measurement of squat assists in ensuring that pilots and
masters exercise caution over areas of concern and helps
to establish where added safety factors are required in
squat prediction.
Roll and Pitch
Vessel pitch and roll were measured and are shown
below in Figure 6. Pitch is shown as the faint oscillating
line, while Roll is the dm'ker oscillating line. The trim
and list components have not been removed from the
Figure 6: Roll and Pitch

This shows that the minimum clearance achieved during
the transit was 0.6 metres, at a point between NW6 and
NW8, around the 'coffee rock' area.
Bow and Bridge Squat

The different squat characteristics applicable to the bow

and bridge sections of the vessel are shown below in
Figure 5. Pitch has been left in the graph, and a smooth
curve superimposed for easy interpretation.

As can be seen from Figure 6. the pitch during this

transit was fairly small while the roll varies from 0.5 to
-0.7 degrees (port to slbd). The roll graph is below the
zero axis, indicating that the vessel had an inherent lisl.
The Tohyuh Maru was the second ship tested and
entered the port with the following characteristics:
95843 t
12 . 1 m
Entry date
11 :00 hrs
Arrival at Fairway
1.42 m
Swell Height
Swell Period
9.66 sec

A clear increase in vessel squat can be seen between
NW6 and NW8 caused by the shallower 'coffee rock'
area. The vessel squat is increased by approximately
0.3 metres due to the reduced channel depth over this
area and to slightly increased vessel speed.
It has been shown by Hatch (2) that vessel acceleration

The following results have been graphed for this transit:

Vessel transit speed

Vessel draft and bathymetry

Bow and bridge squat

Roll and pitch/trim

Transit Speed
The transit speed again varied greatly along the channel;
from about 7.0 knots up to 14.0 knots, however lower
speeds were maintained over the critical area between
NW6 Wld NW8, as can be seen in Figure 7 below.








lO ~,LJ /

11 :00






Figure 7: Vessel Speed : Tohyuh Maru

Vessel Draft and Bathymetry

The deepest point on the hull during the transit. and the
relevant surveyed depth actually below the ship is
shown below in Figure 8.

As pan of the Quality Assurance (QA) the squat was

computed for the 10 minute period while the vessel was

stationary at the pilot boarding grounds. Squat measured
Roll and Pilch
Vessel pitch and roll are shown below in Figure 10.
Again. pitch is shown as the faint oscillating line, while
roll is the darker oscillating line.



Figure 8 shows that the minimum clearance achieved

during the transit was 0.5 metres, again at a point
around the 'coffee rock' area. The swell was much
larger for this ship which is reflected in the greater

variation in draft.

Bow and Bridge Squat

The different squat characteristics applicable to the bow
and bridge sections of the vessel are shown below in
Figure 9. Pitch has been left in the graph, and a smooth

curve superimposed for casy interpretation.

Figure 10: Roll and Pitch

As can be seen from Figure 10, the roll and pitch for the
Tohyuh Maru was much larger overall due to the swell
conditions. The transit between the Fairway beacon and
NW2 shows little roll because of the swell direction,
however after rounding NW2 roll beromes a significant
component of the draft equation. Roll ranged from -1 .7
to +2.2 degrees, indicating an inherent list, which was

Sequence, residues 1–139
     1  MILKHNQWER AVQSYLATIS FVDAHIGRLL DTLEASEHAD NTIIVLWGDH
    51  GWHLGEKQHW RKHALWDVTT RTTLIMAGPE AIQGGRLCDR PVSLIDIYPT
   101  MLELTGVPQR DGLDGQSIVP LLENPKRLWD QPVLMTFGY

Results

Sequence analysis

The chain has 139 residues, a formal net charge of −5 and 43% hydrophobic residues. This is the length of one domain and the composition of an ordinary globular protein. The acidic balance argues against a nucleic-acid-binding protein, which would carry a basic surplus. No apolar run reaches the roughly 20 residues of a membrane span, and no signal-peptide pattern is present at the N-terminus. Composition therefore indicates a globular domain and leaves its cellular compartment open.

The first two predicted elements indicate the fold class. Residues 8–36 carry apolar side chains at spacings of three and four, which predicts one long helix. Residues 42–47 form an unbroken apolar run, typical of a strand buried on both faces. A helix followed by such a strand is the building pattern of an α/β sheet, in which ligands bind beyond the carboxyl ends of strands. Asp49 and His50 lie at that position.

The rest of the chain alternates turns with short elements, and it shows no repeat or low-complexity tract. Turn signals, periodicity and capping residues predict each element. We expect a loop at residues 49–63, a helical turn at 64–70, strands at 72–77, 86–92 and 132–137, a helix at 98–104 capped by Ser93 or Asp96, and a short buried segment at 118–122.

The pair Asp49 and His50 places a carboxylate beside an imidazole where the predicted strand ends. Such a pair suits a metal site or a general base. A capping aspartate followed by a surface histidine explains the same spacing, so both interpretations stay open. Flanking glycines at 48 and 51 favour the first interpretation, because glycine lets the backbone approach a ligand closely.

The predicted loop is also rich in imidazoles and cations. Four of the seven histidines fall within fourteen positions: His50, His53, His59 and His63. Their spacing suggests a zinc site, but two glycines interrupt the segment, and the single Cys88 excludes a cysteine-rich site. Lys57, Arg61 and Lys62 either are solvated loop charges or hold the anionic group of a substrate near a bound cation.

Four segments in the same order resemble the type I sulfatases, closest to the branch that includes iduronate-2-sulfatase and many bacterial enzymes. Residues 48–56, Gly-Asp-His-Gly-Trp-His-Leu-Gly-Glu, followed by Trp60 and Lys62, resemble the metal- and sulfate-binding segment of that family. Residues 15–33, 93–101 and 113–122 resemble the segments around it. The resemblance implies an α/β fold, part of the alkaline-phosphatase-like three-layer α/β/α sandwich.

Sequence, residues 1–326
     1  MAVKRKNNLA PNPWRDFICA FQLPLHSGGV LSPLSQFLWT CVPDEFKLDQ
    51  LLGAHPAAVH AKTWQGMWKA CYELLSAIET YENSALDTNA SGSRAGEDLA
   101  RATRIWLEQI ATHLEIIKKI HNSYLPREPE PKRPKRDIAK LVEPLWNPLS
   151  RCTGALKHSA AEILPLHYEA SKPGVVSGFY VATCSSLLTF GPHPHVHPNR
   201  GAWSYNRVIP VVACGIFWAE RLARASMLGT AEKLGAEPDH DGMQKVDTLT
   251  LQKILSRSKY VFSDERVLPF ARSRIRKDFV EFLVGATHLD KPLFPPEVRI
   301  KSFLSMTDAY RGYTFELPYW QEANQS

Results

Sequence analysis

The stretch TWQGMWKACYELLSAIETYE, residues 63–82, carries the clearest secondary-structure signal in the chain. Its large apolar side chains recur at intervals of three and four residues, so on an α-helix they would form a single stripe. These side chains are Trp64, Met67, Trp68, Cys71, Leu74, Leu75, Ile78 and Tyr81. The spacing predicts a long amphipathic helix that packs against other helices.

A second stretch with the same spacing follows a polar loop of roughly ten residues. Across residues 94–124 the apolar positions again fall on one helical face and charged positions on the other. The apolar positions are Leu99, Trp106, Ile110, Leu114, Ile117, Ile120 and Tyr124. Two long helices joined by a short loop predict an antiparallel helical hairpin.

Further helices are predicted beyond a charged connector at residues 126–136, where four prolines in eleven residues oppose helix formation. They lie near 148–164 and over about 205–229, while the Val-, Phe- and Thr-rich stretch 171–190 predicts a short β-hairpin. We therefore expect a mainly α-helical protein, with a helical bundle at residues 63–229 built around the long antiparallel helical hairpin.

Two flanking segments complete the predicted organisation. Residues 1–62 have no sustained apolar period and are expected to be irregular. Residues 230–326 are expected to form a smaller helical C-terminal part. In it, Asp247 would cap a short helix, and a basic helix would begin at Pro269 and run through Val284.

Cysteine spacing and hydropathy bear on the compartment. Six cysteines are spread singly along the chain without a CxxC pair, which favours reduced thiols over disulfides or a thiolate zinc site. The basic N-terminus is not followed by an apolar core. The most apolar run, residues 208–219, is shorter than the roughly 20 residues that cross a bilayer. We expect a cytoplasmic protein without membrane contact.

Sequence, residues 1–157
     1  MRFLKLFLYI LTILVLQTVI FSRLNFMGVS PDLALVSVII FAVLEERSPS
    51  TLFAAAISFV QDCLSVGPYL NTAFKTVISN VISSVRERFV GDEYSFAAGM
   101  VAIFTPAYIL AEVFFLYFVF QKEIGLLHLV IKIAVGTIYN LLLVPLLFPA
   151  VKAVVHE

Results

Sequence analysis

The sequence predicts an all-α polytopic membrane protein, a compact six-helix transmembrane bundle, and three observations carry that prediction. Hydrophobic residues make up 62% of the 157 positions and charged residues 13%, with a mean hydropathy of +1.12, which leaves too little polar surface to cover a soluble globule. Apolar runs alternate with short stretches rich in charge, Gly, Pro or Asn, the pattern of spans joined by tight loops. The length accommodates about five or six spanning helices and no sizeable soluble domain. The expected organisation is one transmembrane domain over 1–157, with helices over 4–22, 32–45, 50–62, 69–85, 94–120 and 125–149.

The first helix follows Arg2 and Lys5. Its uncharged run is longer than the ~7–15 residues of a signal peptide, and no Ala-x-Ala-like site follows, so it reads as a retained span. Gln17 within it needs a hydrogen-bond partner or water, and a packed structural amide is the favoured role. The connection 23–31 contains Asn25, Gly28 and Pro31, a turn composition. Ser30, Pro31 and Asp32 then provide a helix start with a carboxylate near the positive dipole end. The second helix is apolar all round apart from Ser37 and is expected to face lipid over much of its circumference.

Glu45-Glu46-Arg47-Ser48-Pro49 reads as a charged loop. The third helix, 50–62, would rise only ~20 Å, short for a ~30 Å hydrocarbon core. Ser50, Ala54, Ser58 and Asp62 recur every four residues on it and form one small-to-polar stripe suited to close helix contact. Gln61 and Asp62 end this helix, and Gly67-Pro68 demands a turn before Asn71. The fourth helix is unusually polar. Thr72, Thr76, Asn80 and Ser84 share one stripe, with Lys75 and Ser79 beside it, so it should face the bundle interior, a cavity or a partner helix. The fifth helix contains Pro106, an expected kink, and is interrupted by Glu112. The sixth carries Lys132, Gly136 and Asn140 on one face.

confmned by static draft measurements.


The purpose of measuring the actual under keel
clearance is to compare results with the Dynamic Under
Keel Clearance software, thereby gaining a level of
confidence with the system.

Results for the Poul Spirit show that actual minimum

UKC was 0.6 above channel design depth, while the
DUKC system output was 0m (a safety margin of
0.6m). An almost identical result was obtained for the
Tohyuh Maru (0.5m above channel design depth,
compared to 0m minimum bottom clearance by DUKC
The individual components of dynamic motions and
squat were also analysed for both transits and compared
with the DUKC modelling results. All dynamic motions
were found to be within the allowances computed by the
DUKC system.
Valuable data was provided on the effects of vessel
acceleration and undulating sea floor on squat (so-called
"dynamic squat" effects) and minor modifications were
made to the DUKC squat model to allow for these
effects in the Brisbane system.
The full-scale tests have clearly identified that a transit
to the port has great variations in speed, squat and
dynamic motions and that a simplified Gross UKC
approach is not economically efficient. Instead, deep
draft vessels need to adhere to a predetermined transit
strategy that integrates speed and vessel dynamics with
the varying channel dimensions.
The test program has provided valuable full-scale data
on dynamic ship motions and squat. These data have
confirmed that the DUKC system provides a tool that
the Port can use to optimise economic efficiency,
without compromising safety standards.
The project, aimed at optimising port entries and
departures, emphasises the Corporation's stance on
Customer Service and Market position improvement
through the achievement of high standards of efficiency
and subsequent effectiveness. It is one of the several
initiatives that will see the development of the port from
the present form to its projected 2005 plan.

O'Brien, W. T., Experience Using an

Innovative Under Keel Clearance Prediction
System in Australian Ports. Port Technology
International, Sixth Edition, ICG Publishing
Ltd., 1997, pp. 165-169.


Hatch, T. L., Experience Measuring Full Scale

Squat of Full Form Vessels at Australian Ports.
Paper to be presented at Coasts & Port
Conference, Perth, Australia, April, 1999.